Microsoft has just launched its new phone service called Kin, along with two devices, named Kin 1 (Kin 1 photo gallery) and Kin 2 (Kin 2 photo gallery). The idea was to create a phone for heavy texters and those who love to stay in touch with friends and family through social networks. Microsoft has introduced a whole new user interface for its phones with design elements borrowed from Windows Phone 7 and it looks very good (photos coming shortly). Kin 1 and Kin 2 will sync all their content and contacts directly with the cloud – at all times. If you lose your phone, just get a new one and re-sync, that’s it. On the desktop side, Microsoft has a web browser application that shows you the phone content, but in the comfortable space of a desktop monitor. You can interact with the content, do whatever you want with the files (on the local disk) and see a view of your friends’ updates. The whole thing is brilliant and it could shake the Teen Smartphone market.
Our 8mn Kin User Interface Tour
Microsoft Presentation Video
In the short time that we have been able to play with it, the user interface was very good. It puts the focus on the people that you communicate the most with, but leave others only a few clicks away. It lets users share stuff easily: just dump everything into “The Spot” (an area at the bottom of the screen) and share. By everything I mean that you can drag and drop Photos, Links, Users etc… and it will figure out that you want to share all these items with the folks in there. It can actually save a lot of typing, if you share things with your inner circle.
The design is nice and curvy. Kin 1 is a small phone that looks like a square pebble. It has a slider keyboard which is surprisingly comfortable and a 5 Megapixel camera. It is a cutie that is very light. Kin 2 is bigger and looks like your average smartphone with a 8 Megapixel camera with an LED flash. It too has a slider keyboard – a design requirement for all Kin phones. The overall build quality is fair, but it is clear that these phones have been designed to be affordable by teens (or their parents!). In our opinion, the Kin 1 is the eye-catcher. Oh, and by the way, multi-touch is supported. What do you think?
The overall performance/speed reminds me of phones like the Pre or some of the Android phones that came out prior to the Droid. Hopefully this will give you an idea of what it feels like, performance-wise. The software has been written of some Windows Phone 7 foundation, with which Kin has a lot to share, we’ve been told. On the desktop side, The Kin Studio is powered by Silverlight and it shows: it looks like a desktop app like Zune, but in a web browser. This is slick.
No calendar?: there’s no built-in Calendar, and this is rather strange for a phone aimed at socially active folks. This is something that might be problematic – we’ll see at launch time.
Software update over the air: since the Kin is always connected to the cloud, software updates are automatic, the Microsoft representative stated that if enough users would require the calendar feature, it would be easily provided after launch.
The “Studio” website, the cloud service: Photos and videos are automatically uploaded into the cloud, and in my opinion, this one of the best feature of the Kin phones: the majority of phones owners do not know or do not bother to download their mobile photos in their computers.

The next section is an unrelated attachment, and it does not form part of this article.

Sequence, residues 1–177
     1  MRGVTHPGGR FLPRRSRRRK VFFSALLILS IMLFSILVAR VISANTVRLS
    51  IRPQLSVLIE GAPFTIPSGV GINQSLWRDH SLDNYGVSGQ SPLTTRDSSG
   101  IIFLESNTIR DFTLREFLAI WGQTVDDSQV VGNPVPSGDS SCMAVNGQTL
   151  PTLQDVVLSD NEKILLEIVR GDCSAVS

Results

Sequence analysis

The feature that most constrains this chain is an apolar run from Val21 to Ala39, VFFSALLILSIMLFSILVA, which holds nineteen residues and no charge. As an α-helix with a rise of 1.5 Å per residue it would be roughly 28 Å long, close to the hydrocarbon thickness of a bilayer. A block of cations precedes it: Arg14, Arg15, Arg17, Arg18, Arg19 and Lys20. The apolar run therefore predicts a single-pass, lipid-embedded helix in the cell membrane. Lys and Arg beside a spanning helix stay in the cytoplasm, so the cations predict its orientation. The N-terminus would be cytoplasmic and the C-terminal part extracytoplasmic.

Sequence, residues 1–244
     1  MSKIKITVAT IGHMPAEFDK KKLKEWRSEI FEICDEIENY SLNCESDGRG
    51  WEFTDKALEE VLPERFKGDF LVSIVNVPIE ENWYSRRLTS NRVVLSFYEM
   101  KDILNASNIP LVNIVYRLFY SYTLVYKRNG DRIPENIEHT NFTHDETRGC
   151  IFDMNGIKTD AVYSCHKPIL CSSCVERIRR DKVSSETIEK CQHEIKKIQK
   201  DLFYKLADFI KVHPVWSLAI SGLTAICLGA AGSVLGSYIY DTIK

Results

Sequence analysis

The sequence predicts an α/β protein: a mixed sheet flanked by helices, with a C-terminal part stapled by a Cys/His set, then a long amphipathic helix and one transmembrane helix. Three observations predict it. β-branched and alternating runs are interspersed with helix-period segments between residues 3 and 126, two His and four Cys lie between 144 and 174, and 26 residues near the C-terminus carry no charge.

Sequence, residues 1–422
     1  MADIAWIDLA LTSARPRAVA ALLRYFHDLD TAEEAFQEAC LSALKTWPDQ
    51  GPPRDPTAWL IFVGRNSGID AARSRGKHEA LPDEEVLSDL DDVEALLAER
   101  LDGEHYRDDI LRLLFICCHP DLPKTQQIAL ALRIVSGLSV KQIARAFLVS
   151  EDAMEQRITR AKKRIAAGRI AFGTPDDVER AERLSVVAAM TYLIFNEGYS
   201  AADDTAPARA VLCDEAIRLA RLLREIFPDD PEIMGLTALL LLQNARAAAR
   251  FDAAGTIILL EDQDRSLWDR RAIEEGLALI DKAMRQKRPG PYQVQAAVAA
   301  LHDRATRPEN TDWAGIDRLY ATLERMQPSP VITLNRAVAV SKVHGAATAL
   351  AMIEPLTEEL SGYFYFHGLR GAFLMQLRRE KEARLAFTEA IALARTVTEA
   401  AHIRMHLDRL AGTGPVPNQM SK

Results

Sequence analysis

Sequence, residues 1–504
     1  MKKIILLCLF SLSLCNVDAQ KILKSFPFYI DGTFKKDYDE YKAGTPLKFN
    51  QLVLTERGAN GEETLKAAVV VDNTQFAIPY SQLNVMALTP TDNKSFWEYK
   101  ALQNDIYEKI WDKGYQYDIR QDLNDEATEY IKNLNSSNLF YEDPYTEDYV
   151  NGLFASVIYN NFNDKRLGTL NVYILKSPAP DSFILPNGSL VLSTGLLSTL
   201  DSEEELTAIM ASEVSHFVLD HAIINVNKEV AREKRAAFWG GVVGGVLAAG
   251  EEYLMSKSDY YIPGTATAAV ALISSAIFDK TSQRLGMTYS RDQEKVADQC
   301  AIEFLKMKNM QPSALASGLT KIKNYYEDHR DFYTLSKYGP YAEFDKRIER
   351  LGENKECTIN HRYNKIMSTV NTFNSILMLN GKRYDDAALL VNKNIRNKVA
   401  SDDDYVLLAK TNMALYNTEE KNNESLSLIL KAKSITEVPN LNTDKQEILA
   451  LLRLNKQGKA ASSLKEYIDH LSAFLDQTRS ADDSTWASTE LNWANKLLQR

Kin Studio allow Kin’s users to manage their phones content from their computer. You can directly access your messages (but not your emails, very strange!), your photos and videos and your contacts from the home page;, you can only view the content produced during a specific time by selecting it on the timeline (see picture below). Additionally, photos are automatically geo-targeted and you can browse them on a Microsoft map from the Studio. (see picture below)
Built-in search: Since Microsoft is pushing Bing madly for the past months, no wonder why they implemented a physical search button that connects directly to the Bing search built-in application. The search feature is integrated with the GPS and provides automatically the nearby point-of-interests in the second screen ( just slide to the right).
Web Browser: There is a web browser, but given that the screens on Kin 1 and Kin 2 are fairly small (especially on Kin 1), we wonder how the experience will be. Performance might be problematic too.
Email / IM: Email is integrated, including Exchange – which is great – but your emails won’t appear in the overall feed. There’s no built-in Instant Messenger at the moment in case you’re hooked on that.
Social Networks: Facebook, MySpace, Twitter are integrated into the phone, but that’s it for now. Photo sharing is supported for Facebook and MySpace but not for Twitter. Strangely, Flickr is not supported.
Mac: Microsoft says that this will work on Mac too, although we’re not sure if that means “work barely” or “work completely” – we’re digging into this.
Microsoft has done a good job with this one and they have a real chance at pulling the rug under Samsung and LG, the current leaders in the “texter” segment. We need more hands-on time with it, but at the moment, this looks very good. The rest will depend on pricing. In theory, the goal for Microsoft, Verizon and vodafone is to capture market share in the “texter” range of phones. This implies that the pricing of the handsets and data plans will fit within whatever budget those customers currently have. Some pundits are skeptical about the success of this product, but are they visionaries or techogeeks that just don’t get that m
arket? The sales will tell us who’s right.
Kin is coming out next month in the USA with Verizon, and in the Fall in Europe with Vodafone.
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